I was reading an article in Fly Rod & Reel about steelhead fishing in BC’s Queen Charlotte Islands last night. Imagine that. Me. Reading.
Oh well. There was a photo of the author, Greg Thomas, proudly showing us a steelhead he caught. And there, smack dab above the pectoral fin, were a set of golden arches. I’ve seen these many, many times in recent years on Chinook salmon. I never really noticed them before my friend Jack, who knows far more about such things than I, pointed out these little scratches some four or five years ago.
These, he explained, are made by the claws of harbor seals, when they’re trying to grasp the fish. They’re nicknamed golden arches because, well, you can see the resemblance, right?
Since then, I see these golden arches a lot. A Lot. I have seen many other more serious wounds in salmon that I believe have been inflicted by seals or sea lions. Usually, I avoid these wounds as subjects of photography, because they are pretty ugly.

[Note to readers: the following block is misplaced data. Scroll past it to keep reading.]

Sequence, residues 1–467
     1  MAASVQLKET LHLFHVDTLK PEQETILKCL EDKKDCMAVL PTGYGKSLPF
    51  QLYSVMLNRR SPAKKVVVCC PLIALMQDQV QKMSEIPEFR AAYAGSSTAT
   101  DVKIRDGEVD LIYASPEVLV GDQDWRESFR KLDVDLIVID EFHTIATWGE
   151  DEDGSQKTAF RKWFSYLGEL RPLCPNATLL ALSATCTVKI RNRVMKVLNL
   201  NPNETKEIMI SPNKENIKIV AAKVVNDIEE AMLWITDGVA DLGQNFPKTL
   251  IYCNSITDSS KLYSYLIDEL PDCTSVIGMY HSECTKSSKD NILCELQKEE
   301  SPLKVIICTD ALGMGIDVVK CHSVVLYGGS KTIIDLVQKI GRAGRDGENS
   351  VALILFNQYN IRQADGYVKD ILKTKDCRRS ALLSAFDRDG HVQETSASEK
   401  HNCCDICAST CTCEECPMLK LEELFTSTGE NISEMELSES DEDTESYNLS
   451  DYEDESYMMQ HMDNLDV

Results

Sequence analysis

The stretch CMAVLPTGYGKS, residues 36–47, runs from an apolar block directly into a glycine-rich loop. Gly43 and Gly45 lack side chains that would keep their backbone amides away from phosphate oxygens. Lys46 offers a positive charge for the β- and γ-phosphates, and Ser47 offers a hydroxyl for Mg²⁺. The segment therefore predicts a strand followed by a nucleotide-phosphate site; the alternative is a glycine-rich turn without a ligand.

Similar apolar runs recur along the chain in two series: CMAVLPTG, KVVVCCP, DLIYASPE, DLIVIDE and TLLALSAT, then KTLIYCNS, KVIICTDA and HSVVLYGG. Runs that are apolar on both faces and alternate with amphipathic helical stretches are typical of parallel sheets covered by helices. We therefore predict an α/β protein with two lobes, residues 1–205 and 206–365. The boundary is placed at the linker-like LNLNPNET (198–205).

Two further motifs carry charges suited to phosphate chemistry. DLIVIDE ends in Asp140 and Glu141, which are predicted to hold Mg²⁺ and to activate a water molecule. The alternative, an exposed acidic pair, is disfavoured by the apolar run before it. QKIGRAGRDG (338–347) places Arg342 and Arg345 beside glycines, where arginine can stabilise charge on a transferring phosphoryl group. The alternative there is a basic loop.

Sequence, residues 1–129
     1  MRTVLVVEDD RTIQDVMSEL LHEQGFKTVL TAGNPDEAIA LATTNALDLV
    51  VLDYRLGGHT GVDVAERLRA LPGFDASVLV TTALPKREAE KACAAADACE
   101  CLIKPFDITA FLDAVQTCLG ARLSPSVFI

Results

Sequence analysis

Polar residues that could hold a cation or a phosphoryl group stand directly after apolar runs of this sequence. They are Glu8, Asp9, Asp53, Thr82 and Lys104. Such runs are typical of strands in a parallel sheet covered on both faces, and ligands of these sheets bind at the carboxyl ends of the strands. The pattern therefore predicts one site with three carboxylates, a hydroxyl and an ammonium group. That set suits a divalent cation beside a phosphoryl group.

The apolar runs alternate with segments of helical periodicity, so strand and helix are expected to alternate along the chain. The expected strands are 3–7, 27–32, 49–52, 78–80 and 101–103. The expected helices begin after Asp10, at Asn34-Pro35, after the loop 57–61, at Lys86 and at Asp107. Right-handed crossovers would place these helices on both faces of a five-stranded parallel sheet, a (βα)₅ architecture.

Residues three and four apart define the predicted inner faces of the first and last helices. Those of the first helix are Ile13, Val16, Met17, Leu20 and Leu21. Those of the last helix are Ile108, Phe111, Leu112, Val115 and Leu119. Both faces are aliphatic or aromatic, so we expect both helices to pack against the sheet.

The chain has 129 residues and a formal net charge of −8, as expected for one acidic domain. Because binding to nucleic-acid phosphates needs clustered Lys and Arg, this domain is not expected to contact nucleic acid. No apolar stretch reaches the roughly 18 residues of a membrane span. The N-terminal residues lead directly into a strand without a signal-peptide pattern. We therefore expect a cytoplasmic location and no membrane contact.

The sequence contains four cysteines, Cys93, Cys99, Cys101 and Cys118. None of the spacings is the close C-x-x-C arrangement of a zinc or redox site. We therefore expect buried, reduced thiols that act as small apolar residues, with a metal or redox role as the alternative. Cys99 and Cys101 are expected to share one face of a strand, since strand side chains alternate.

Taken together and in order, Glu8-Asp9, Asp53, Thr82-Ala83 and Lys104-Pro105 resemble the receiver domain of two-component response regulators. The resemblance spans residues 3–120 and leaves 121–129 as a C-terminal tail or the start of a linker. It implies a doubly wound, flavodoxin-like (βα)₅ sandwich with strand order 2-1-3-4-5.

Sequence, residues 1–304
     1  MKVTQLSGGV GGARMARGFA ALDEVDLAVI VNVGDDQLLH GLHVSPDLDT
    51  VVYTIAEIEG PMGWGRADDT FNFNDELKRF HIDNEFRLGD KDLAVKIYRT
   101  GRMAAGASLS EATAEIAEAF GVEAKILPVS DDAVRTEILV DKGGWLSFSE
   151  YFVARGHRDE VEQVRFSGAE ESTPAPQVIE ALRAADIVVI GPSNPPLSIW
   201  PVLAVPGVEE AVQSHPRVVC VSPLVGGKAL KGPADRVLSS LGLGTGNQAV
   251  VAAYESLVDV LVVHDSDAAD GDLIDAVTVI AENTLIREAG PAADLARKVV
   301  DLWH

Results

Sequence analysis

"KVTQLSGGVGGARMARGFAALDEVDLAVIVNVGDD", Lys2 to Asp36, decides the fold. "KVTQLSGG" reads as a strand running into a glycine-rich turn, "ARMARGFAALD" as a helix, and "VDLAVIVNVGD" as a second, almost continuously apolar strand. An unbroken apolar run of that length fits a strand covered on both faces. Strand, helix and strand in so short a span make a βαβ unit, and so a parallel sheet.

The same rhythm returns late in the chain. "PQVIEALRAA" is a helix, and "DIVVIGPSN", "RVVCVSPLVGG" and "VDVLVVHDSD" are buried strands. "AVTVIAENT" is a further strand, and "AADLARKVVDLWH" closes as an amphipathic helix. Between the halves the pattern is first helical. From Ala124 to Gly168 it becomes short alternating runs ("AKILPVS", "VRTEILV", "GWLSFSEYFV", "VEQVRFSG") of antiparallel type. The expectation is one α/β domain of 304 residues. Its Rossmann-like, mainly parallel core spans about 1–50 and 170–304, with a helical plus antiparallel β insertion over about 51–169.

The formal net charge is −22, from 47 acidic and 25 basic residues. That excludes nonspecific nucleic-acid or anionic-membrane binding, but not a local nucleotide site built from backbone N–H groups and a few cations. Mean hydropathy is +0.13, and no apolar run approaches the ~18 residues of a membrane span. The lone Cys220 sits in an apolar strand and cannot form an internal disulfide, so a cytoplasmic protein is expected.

Some folks tell me that seals, especially, are not effective predators on salmon and steelhead. Without data to support my assertion, I say Hooey to that. Maybe it depends on how one defines the word effective.
Enough for now. In time, I will comment on how frequently I see these and more serious predator wounds in salmon and steelhead; hook scars; watching harbor seals hunting salmon in packs and in the dark; how one can detect de-scaling and scale regeneration in salmon and steelhead; comparing the appearance of hatchery and wild salmon; and other matters that roll around in my head while I’m on the water, hoping for a grab.
By the way, this observation is just a snippet of a larger picture and is not intended to be prejudicial to marine mammals and harbor seals.